Tushar: Of course, there were some reasons. When I was called up to play Test cricket, I was only 19-20 years old. I was not mature enough to understand what Test cricket is, why I need to do well in this format of the game. I did not even know what the batting average is. I failed to do well in the five Tests I played. So analysing my performances in international cricket, the selectors might not have considered me as good enough for another run. But when I got complete as a batsman, they did not have time to look at me.
TBS: If you keep the agony of a national return away, are you satisfied with your career which has spanned almost two decades? No batsman in the current domestic circuit started their career with you, you may know.
Tushar: Yes, it is really satisfying. I had the dream to be a sportsman during my childhood. My mother wanted me to be a footballer. I also tried my hand in hockey. I actually spent a lot of time playing hockey during my school days, which helped me to have good fitness. Later, that also helped me to become a cricketer who has been playing top-level cricket for almost two decades.
TBS: Since you are involved in playing cricket for a long time, you are of course one of the men who can answer this question better - according to you, what is the main change that Bangladesh cricket has come through?
Tushar: I think mental positivity is the main change in the current bunch of our national cricketers. During our days, we were not competent enough to think about winning games against the likes of England, New Zealand, South Africa or India. But now, we are beating them. I think it has been possible for the positive mentality of our cricketers. It has developed over the years. Now, Shakib (Al Hasan), Tamim (Iqbal), Mahmudullah (Riyad) are hungry for success. I think their hunger for success is the key to Bangladesh's promotion to the next level. The current cricketers are technically very sound and they play to win. But 15 years ago, we only dared to beat the teams like Kenya, Zimbabwe.
TBS: What are the changes that you have noticed in domestic cricket during the last two decades?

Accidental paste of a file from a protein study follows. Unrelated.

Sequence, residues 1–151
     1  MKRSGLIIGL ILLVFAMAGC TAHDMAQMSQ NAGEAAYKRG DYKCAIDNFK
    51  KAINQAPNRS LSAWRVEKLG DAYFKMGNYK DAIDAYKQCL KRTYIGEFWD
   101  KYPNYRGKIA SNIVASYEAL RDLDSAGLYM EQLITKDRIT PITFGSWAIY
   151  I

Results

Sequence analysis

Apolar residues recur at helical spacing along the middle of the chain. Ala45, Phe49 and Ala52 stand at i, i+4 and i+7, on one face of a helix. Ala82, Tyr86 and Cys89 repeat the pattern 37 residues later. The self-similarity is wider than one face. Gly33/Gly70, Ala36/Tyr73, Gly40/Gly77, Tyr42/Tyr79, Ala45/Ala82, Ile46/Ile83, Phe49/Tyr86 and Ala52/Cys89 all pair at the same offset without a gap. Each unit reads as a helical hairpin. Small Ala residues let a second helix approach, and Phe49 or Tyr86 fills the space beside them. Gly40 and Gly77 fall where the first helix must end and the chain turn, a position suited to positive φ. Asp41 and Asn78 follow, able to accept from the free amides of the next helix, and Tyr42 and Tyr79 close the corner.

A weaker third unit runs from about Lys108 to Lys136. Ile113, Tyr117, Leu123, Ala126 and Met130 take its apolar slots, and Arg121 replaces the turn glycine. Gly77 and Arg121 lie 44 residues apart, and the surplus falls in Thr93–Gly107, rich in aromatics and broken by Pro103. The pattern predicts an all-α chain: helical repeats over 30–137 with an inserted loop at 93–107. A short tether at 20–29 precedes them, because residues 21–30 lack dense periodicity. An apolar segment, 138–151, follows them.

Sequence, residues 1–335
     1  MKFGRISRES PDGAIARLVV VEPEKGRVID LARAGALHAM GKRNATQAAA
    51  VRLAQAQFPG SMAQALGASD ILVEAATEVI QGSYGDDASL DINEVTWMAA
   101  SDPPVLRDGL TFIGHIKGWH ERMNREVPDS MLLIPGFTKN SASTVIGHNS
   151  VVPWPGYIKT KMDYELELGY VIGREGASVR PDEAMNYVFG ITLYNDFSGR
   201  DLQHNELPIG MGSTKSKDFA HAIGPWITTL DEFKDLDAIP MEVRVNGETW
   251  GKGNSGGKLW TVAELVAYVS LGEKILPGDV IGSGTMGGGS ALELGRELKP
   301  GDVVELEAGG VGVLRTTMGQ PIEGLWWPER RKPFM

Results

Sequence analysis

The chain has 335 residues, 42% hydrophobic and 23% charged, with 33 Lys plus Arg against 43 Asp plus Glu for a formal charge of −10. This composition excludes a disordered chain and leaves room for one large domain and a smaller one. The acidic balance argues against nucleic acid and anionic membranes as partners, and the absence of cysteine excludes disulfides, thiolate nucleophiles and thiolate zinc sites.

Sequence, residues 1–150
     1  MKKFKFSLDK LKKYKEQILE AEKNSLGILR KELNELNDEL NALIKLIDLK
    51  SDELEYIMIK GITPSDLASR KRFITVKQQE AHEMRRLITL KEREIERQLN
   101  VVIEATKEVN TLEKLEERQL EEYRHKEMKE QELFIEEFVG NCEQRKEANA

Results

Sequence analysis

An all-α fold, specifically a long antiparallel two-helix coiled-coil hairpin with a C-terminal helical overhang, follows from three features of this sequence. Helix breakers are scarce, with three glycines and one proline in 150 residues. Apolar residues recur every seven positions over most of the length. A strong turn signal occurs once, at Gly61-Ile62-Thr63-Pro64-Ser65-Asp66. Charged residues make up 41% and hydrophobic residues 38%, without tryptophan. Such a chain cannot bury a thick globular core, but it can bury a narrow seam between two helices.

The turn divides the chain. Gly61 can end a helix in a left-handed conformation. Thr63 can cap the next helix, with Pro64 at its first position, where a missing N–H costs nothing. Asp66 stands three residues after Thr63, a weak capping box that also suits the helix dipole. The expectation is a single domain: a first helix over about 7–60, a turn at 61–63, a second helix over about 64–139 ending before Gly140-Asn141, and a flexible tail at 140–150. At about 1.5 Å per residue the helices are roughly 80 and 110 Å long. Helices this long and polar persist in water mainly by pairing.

Tushar: Domestic cricket has changed a lot but it is not enough, it should have changed more. There was only 400 to 500 taka as the daily allowance during our early days in National Cricket League (NCL) or other domestic events. But now we get 35 thousand takas as match fee in the First-class arena. But I think this is not enough. If the board increases the match fees, players will be more focused on playing cricket and developing their fitness. If you look at the other countries like England, Australia or India, their domestic cricketers are paid a handsome amount, which inspires them to stay more focused on their game instead of thinking about another source of sustentation.
TBS: Where do you want to see Bangladesh cricket in the coming days?
Tushar: We have cricketers who are the backbone of the current national set-up. But they are close to ending their career within the next four or five years. I think in this period we will do something remarkable. The next World Cup is in Asia. If we can't do it now then when? After five years, we have to go through a transition period like Sri Lanka are going now. But after that period, we might be one of the strongest cricket nations in the world.
TBS: The last question for today- what is your plan after quitting professional cricket?
Tushar: I am not sure yet. But I have done some thinking in my mind. I might try my hand in coaching. Let's see what BCB has in their mind about the senior players who are close to saying goodbye to professional cricket